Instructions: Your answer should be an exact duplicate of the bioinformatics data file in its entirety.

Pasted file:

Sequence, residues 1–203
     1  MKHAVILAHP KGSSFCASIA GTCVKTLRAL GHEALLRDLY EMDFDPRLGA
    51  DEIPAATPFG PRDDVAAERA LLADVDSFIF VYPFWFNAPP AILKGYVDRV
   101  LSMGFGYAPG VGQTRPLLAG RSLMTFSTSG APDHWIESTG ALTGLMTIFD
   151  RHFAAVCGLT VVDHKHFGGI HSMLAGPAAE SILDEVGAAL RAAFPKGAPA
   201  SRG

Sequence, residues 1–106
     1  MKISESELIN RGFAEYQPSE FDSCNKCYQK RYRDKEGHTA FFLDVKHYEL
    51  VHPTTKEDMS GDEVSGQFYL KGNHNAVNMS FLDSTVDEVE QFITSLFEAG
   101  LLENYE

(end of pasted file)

Sequence, residues 1–203
     1  MKHAVILAHP KGSSFCASIA GTCVKTLRAL GHEALLRDLY EMDFDPRLGA
    51  DEIPAATPFG PRDDVAAERA LLADVDSFIF VYPFWFNAPP AILKGYVDRV
   101  LSMGFGYAPG VGQTRPLLAG RSLMTFSTSG APDHWIESTG ALTGLMTIFD
   151  RHFAAVCGLT VVDHKHFGGI HSMLAGPAAE SILDEVGAAL RAAFPKGAPA
   201  SRG

Sequence, residues 1–106
     1  MKISESELIN RGFAEYQPSE FDSCNKCYQK RYRDKEGHTA FFLDVKHYEL
    51  VHPTTKEDMS GDEVSGQFYL KGNHNAVNMS FLDSTVDEVE QFITSLFEAG
   101  LLENYE